Hardcore grip

Halifax hardcore quartet The Hold puts up a united front, always, and puts out a split seven-inch, this weekend. Johnston Farrow grabs on.

photo Darryl James

Although local hardcore band The Hold makes its home on a label whose name symbolizes breaking up, there’s been a lot of marriage going on lately. The Hold’s KC Spidle—who happens to be a co-founder of the local independent label—and bassist Crystal Thili tied the knot on April 5. Ten days later they had a party to celebrate with friends who were more apt than grandma to like The Hold’s style of hardcore punk.

“We renewed our vows at Area 52 with a big party with some Divorce bands—Be Bad played, Gilbert Switzer,” says Divorce Records co-founder Spidle over coffee on a warm spring afternoon. “It was the better wedding in some respects.”

Another marriage of sorts will be celebrated when the label releases State of Nature, a split-seven inch record featuring the aggressive sounds of The Hold and the chaotic thrash of Gilbert Switzer. The two bands share the bill in Hell on Friday night.

“The Hold have this old-school hardcore approach and Gilbert Switzer have this old punk approach and those two genres have diverged over the years,” says Chik White, AKA Darcy Spidle, The Hold’s lead singer and KC’s brother. “This seven-inch is good for that reason. They both come from the same place essentially.”

The Spidle brothers started Divorce in 1999, but it wasn’t until The Hold—which came together in September 2003—released its debut disc Nosebleedassault in 2004 that the label started gaining ground on the east coast. Since then, The Hold has released the full-length Need and a live tour DVD, gaining a dedicated fanbase across the Maritimes.

Over the next few years, the brothers invited other groups that shared their vision, work ethic and exciting live show into the fold. Besides Switzer and The Hold, there’s the psych-punk of Be Bad, Darcy and KC’s other band Attack Mode, and Darcy’s experimental project Shitcook.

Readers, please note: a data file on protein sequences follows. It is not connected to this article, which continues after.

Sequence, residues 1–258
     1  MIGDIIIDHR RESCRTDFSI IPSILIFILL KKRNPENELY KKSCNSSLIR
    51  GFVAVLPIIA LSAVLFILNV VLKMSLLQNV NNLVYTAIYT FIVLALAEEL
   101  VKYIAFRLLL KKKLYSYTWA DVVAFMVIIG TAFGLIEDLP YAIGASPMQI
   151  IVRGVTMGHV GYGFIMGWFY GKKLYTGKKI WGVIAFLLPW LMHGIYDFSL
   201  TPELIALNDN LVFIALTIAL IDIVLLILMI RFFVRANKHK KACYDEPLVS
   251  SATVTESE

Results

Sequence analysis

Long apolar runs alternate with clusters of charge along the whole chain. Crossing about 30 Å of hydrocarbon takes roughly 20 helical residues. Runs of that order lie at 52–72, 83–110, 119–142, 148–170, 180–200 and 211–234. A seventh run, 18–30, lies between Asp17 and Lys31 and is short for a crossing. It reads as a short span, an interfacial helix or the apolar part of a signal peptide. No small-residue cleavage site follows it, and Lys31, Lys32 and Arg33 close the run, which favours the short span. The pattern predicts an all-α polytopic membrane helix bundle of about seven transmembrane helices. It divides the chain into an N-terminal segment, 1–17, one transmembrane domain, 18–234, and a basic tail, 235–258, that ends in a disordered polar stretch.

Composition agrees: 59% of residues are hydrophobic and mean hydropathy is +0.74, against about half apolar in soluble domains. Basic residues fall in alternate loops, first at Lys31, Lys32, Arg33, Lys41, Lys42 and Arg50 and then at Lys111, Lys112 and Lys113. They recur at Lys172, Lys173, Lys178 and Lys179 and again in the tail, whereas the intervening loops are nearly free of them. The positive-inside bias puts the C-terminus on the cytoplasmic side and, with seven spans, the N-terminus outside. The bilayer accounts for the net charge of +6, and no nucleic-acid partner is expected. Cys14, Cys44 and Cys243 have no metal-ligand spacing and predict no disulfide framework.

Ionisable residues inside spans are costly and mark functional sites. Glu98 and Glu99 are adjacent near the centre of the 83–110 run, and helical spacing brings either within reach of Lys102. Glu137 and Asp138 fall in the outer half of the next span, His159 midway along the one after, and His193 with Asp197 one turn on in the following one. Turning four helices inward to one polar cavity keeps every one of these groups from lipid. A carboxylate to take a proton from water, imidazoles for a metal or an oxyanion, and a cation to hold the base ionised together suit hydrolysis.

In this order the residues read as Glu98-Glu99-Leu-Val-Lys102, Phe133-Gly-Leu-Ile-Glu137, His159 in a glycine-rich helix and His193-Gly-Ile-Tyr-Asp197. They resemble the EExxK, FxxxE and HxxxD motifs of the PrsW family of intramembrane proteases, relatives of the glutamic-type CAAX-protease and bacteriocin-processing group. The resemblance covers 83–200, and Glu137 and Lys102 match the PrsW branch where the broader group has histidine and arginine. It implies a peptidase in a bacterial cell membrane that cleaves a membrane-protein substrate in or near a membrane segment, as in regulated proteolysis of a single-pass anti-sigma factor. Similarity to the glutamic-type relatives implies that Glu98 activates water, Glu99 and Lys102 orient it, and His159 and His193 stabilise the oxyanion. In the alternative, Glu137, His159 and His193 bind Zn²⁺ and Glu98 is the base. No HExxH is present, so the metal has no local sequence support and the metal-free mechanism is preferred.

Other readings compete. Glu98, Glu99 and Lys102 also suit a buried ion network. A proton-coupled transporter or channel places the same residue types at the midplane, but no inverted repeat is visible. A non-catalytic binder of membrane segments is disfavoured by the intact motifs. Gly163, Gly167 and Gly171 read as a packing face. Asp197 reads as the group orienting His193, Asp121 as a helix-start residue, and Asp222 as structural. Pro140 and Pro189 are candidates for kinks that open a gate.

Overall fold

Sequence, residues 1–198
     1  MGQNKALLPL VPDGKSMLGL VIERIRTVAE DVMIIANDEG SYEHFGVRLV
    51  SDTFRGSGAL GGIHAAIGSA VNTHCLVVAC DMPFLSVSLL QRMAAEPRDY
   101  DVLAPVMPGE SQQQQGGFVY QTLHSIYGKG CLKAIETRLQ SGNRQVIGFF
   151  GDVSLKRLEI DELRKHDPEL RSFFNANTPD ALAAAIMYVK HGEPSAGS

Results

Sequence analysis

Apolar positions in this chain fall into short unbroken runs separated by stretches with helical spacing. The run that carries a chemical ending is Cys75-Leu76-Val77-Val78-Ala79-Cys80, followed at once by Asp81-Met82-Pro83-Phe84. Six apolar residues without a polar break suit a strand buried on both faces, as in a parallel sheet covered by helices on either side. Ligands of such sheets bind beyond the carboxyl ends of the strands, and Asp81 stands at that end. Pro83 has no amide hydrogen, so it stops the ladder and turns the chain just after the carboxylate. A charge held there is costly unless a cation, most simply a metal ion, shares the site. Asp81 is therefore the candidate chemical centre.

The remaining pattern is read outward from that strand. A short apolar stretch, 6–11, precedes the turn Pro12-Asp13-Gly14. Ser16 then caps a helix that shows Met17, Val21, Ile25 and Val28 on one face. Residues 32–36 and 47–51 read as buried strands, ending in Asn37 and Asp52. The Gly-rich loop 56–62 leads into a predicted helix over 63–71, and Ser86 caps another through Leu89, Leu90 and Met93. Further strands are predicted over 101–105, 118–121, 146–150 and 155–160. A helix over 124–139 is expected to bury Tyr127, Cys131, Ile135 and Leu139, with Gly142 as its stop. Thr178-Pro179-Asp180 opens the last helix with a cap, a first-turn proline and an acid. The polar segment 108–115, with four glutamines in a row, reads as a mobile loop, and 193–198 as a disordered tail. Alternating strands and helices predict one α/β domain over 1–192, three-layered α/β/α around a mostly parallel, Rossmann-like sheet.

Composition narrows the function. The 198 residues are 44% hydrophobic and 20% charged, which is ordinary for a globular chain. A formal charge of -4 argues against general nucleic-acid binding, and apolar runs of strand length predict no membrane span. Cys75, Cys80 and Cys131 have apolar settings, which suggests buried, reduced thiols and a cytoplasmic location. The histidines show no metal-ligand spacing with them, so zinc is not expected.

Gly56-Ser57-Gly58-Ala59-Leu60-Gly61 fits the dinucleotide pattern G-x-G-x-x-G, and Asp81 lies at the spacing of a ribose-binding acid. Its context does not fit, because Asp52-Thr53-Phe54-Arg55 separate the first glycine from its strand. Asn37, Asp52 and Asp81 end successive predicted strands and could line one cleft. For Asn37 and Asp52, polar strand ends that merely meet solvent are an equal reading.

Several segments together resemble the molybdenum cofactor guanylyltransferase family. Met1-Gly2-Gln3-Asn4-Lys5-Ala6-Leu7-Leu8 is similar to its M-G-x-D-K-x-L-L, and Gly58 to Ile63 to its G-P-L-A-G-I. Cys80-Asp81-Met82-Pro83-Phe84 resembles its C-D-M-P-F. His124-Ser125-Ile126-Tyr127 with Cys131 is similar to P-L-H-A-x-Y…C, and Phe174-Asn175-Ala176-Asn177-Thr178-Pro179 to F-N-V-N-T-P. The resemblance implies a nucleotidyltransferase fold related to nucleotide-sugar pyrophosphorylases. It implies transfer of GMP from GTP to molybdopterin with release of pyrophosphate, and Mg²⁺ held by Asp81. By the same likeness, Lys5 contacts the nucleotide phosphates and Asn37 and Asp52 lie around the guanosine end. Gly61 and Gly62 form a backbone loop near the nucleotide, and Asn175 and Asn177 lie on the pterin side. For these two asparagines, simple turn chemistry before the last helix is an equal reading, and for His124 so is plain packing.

“I think it’s bands that are big on performance,” says White of the connections between the groups. “Really energetic, crazy shows. It’s hard to translate that into a record label sometimes. I think that’s where it starts: live energy.

“We really met through music, but we clicked so well,” he adds. “We share ideals as well as far as the DIY approach to music. We’re doing this as a lifestyle instead of a financial goal or something like that.”

Besides day jobs, members of The Hold play in a variety of other projects, most notably rising indie acts Dog Day, for Thili and KC, and Burdocks for drummer Christian Simmons. However, all the members of the band express their desire to keep the group at the top of their priority list.

“For The Hold, it’s a long-term thing,” Spidle says. “It’s not a buzz-hype band. It’s just a band that if we keep going for years and years, we’ll just be a recognized hardcore band. We just want to make a mark.”

Honest and loud, The Hold specializes in hardcore punk the way it was originally created, much like the music made by Black Flag in the early ’80s. White’s lyrics underpin the noise assault from Thili and Spidle with themes of personal and social issues while Simmons’s drumming provides a progressive flair earned from his indie-rock background. The live show—in which the quartet packs as strong an impact as possible within the constraints of minute-long songs—is just as enthralling.

Amongst tour plans for their other bands, The Hold will hit the road in August and open up for heroes NOFX in Dartmouth on the 14th. After hearing stories from friends in other hardcore bands, the group would also like to possibly tour Japan. Until that materializes, The Hold maintains more modest goals, such as releasing another seven- inch vinyl record within the next few months.

“Hardcore has all these connotations that it can be bad and we’d like to steer the band away from that as far what we do,” Darcy says. “We want to promote a genre that is very direct, political and meaningful, that maybe over the years has lost some of that. I feel like it’s the negative gangster rap versus the positive gangster rap. I’d like to be on the positive.”

The Hold/Gilbert Switzer 7-Inch release, April 28 at Hell’s Kitchen, 2037 Gottingen, 10pm, $5, 429-3020

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